More Facts to Share
You might share these additional facts with students after they have read this weeks news story.
Henry and Sandi Rose, owners of Roses Berry Farm in Glastonbury, Connecticut, hired falconer Erik Swanson to help protect the farms blueberry crop from starlings. Swanson is an employee of Falcon Environmental Services, Inc., of Plattsburgh, New York. His services cost the farm about $400 a day. Thats a small price to pay, because the starlings can do $100,000 a year in damage to the blueberry crop.
Accompanied by eight trained falcons, Swanson spent the month of August at the farm. He worked 11-hour days, seven days a week, to keep starlings from the berries. "It's a war out there," Swanson told the Associated Press.
Swanson flies each of his eight falcons at least once a day. The falcons are trained to scare the starlings and return to him. He attaches a radio transmitter to the falcon's ankle just in case it does not return. The radio transmitter helps Swanson track down falcons that wander away; it saves them from attack by their predators, which include red-tailed hawks.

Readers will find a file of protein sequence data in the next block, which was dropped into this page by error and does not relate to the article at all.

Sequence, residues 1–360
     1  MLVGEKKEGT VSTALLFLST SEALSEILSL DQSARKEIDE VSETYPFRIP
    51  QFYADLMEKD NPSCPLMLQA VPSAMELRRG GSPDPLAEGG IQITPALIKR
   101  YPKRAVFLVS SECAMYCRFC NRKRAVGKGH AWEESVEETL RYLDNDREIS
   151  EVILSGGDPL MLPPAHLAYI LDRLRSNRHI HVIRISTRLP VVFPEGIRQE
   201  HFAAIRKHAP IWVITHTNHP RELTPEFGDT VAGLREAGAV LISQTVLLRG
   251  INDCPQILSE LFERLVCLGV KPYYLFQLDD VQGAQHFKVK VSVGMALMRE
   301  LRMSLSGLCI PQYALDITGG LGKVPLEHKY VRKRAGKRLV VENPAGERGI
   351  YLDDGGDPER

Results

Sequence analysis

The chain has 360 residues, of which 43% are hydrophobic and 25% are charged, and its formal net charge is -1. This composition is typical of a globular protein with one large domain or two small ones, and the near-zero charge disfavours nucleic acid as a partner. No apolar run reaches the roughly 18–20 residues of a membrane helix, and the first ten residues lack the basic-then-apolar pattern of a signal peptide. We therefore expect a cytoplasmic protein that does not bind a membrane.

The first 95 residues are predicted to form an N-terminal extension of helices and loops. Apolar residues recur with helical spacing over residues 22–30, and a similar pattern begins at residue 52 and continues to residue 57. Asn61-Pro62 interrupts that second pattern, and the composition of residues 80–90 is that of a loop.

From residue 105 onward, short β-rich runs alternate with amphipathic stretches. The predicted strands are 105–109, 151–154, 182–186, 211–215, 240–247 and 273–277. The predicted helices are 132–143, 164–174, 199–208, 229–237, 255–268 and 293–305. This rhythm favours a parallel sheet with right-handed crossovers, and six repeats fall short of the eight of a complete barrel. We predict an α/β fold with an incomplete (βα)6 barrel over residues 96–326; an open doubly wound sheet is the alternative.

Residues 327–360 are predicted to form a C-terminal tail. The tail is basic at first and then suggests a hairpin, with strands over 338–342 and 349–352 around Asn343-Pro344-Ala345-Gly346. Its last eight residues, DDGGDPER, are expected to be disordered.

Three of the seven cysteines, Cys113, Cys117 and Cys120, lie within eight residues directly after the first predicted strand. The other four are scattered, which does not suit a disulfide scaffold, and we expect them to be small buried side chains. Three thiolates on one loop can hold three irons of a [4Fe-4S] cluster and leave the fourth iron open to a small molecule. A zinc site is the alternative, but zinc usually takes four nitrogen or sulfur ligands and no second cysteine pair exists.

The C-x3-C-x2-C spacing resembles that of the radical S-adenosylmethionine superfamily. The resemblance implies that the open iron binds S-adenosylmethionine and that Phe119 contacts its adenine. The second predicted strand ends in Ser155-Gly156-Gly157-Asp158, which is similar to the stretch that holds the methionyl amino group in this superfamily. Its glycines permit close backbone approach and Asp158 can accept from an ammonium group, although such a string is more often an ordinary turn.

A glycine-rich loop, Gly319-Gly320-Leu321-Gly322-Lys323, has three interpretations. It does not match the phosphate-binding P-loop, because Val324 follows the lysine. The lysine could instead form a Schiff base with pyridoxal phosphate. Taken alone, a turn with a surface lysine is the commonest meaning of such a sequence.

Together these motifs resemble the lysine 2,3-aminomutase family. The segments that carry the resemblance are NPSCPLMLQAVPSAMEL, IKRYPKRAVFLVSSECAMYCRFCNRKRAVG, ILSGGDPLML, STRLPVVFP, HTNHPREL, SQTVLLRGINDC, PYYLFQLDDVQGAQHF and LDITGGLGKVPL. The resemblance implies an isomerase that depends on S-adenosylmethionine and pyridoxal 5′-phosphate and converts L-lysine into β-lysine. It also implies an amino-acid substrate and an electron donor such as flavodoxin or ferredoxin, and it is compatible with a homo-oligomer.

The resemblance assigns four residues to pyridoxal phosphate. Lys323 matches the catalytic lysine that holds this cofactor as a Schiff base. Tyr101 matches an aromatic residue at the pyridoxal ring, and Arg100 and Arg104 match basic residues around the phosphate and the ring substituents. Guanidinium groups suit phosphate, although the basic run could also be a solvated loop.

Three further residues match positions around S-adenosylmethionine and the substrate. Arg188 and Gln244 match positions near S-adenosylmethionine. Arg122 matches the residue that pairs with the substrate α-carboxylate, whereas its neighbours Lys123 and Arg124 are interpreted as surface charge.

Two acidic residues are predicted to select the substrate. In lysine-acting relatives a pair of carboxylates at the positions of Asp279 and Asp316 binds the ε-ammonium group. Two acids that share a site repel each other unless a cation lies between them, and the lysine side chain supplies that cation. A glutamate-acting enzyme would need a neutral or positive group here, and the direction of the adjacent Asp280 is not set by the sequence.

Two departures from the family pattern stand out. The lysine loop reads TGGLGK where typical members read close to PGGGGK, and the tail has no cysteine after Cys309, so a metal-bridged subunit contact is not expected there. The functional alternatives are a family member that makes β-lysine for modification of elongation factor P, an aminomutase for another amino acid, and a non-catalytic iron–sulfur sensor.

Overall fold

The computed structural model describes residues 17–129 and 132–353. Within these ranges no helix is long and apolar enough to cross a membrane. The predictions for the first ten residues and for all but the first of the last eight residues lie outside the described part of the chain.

Falcons dont bother the farms neighbors like noisemakers, rifles, poisons, and other methods of getting rid of starlings. Another neighbor-friendly method of keeping berries safe -- covering the crop with netting -- would cost the Roses more than $200,000 to install.
The Roses used to use an insecticide to control the starlings. It irritated the birds throats so they would stay away. But the chemical is no longer available.
Falcon Environmental Services also provides falcons to airports. The falcons scare away birds that can get caught up in, and do damage to, airplane engines. And some landfills use falcons to disperse birds that flock there.